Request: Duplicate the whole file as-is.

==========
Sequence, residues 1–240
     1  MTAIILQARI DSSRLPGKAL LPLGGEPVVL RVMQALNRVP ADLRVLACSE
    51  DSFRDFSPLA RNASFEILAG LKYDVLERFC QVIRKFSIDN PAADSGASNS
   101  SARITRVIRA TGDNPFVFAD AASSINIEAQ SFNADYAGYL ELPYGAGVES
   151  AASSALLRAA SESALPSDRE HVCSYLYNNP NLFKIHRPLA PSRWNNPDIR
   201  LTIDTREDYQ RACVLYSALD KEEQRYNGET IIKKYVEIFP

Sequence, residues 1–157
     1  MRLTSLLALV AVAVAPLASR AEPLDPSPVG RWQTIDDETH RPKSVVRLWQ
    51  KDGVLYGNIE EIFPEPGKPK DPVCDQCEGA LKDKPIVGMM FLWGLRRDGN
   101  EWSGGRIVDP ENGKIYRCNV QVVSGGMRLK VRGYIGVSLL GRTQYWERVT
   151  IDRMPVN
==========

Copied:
Sequence, residues 1–240
     1  MTAIILQARI DSSRLPGKAL LPLGGEPVVL RVMQALNRVP ADLRVLACSE
    51  DSFRDFSPLA RNASFEILAG LKYDVLERFC QVIRKFSIDN PAADSGASNS
   101  SARITRVIRA TGDNPFVFAD AASSINIEAQ SFNADYAGYL ELPYGAGVES
   151  AASSALLRAA SESALPSDRE HVCSYLYNNP NLFKIHRPLA PSRWNNPDIR
   201  LTIDTREDYQ RACVLYSALD KEEQRYNGET IIKKYVEIFP

Sequence, residues 1–157
     1  MRLTSLLALV AVAVAPLASR AEPLDPSPVG RWQTIDDETH RPKSVVRLWQ
    51  KDGVLYGNIE EIFPEPGKPK DPVCDQCEGA LKDKPIVGMM FLWGLRRDGN
   101  EWSGGRIVDP ENGKIYRCNV QVVSGGMRLK VRGYIGVSLL GRTQYWERVT
   151  IDRMPVN